Faith and the Small Screen: Too many heroesBlog, Essays, Television, The Idiot Box — By Matt Miles on March 9, 2012 at 8:33 am
I stand by my statement that depiction of Christians is getting better on TV, even though there’s currently a show on ABC called GCB, standing for Good Christians Bitches. I also agree that Christians would better served getting riled up about the last word than the one in the middle. This is an example of bad TV that won’t last long, unless viewers decide they like one-dimensional characters outside of reality TV. But the truth remains, Christians along with other characters are getting better treatment in shows because writers are telling better stories. We’ve got a lot to learn from them.
A lot of my friends, facebook and otherwise, are Christians who are committed to telling a better story, whether they would phrase it that way or not. This is why I first saw Invisible Children’s Kony 2012 video posted by a former student at the Christian school I taught in a couple years back. The fact this has become a controversy and dragged necessary conversations about social conscience and helping versus hurting onto timelines and walls illustrates this desire to make a difference. I worry about the pitfalls of oversimplifying it, however, mainly because I fall into the trap often. I want to be the clear-cut hero, like the star of the video. I’ll leave the discussion of Invisible Children and its merits to others, but the video, to be honest, annoyed the hell out of me and I didn’t know why. Then I remembered this post on Tyler Cowen and confirmed that I, too had learned to distrust stories. If you’ve seen the video, think about the structure: who is the hero of this video? It may have been unintentional, but like the trendy dude in the video too many of us create our own stories in which we are one-dimensionally good. The problem isn’t that this isn’t interesting; it’s just not honest.*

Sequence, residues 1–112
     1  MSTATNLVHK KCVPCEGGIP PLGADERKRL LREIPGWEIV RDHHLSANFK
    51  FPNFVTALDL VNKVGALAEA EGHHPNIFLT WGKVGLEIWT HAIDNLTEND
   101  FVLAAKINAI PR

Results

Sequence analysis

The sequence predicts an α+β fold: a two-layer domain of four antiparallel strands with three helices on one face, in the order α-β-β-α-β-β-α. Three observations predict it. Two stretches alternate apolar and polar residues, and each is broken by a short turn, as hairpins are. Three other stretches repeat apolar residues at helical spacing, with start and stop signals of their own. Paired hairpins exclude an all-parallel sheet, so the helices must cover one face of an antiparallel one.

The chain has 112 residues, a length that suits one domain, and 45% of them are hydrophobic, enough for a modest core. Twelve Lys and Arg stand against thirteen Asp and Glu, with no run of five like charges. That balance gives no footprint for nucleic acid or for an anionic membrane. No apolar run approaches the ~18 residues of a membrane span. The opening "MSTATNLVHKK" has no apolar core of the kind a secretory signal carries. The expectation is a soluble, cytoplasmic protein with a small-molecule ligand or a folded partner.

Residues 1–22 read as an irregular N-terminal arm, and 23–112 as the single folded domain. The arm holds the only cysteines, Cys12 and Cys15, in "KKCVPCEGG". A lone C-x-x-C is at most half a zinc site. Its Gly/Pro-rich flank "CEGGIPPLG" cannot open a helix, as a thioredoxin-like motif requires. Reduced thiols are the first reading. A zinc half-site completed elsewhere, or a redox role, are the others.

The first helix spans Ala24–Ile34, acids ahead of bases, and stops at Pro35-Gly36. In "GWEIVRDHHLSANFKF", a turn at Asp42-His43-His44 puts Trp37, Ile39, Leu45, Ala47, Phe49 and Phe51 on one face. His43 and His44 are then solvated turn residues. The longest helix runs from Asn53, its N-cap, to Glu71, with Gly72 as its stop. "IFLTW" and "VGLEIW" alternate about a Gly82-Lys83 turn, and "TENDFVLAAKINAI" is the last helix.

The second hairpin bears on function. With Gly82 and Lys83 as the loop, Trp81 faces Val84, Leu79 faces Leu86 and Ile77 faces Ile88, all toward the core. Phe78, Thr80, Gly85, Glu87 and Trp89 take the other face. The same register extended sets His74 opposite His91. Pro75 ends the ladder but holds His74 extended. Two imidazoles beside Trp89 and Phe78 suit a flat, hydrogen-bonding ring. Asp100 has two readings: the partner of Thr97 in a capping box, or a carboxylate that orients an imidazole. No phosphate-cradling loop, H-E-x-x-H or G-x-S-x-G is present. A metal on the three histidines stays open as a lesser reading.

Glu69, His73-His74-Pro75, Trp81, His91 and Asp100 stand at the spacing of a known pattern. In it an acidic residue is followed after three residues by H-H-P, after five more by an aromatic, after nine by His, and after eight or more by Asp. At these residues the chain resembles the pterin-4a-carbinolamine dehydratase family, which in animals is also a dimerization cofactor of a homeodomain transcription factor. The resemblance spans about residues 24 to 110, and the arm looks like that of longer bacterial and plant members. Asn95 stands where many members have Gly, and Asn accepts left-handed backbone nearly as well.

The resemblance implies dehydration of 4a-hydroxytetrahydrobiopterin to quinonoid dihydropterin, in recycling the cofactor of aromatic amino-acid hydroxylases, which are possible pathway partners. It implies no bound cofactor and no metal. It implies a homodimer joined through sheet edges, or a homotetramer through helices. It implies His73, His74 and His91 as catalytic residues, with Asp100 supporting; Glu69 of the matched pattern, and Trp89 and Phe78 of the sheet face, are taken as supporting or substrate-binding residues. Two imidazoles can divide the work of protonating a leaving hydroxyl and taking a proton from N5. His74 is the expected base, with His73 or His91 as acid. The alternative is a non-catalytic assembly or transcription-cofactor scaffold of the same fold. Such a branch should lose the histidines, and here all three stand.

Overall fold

I know Tyler Cowen and myself aren’t alone in this. Too many of us distrust stories because we’ve seen or heard too many bad ones. As I watched the TED video, I could tell what type of movies Mr. Cowen likes to watch, what books he likes to read. My favorite stories play with the simple knight slays dragon structure or turn it on its head. I kind of wonder why storytellers who are Christians don’t do that more often–for as often as we’ve heard the story of the cross, we still tend to reduce God to a conventional action hero. And what about the antiheroes of the faith? Yet we tend to avoid nuance as if it were toxic, we prefer our images on TV and in person to be Ned Flanders without the irony, and wonder why some people out there are still working their asses off to portray “us” as one-dimensional jerks on TV. Until we start appreciating better stories, face it, we earned it.
This brings me back to TV. Shows are getting better because characters are being written and portrayed with more emotional realism. Fewer simply wear white or black hats, and even those with the black hats have feelings too. The last few minutes in the latest episode of Justified is a good example. Watch Justified, if only for an example of how even a “cops and robbers” show can humanize even the scum of the earth, for a moment. And this is heartening. Christian characters, atheist characters, Buddhist characters, etc. will enjoy a better portrayal on TV simply for being human. This is because more people out there in television are working to produce better, more truthful stories. We could learn a lot from television. Yep, I just said that.
*Again, I’m not saying this to discredit Invisible Children. I’m only saying I don’t believe the guy making the video is the hero in the story. And by hero, I mean both main character and trendy version of Superman.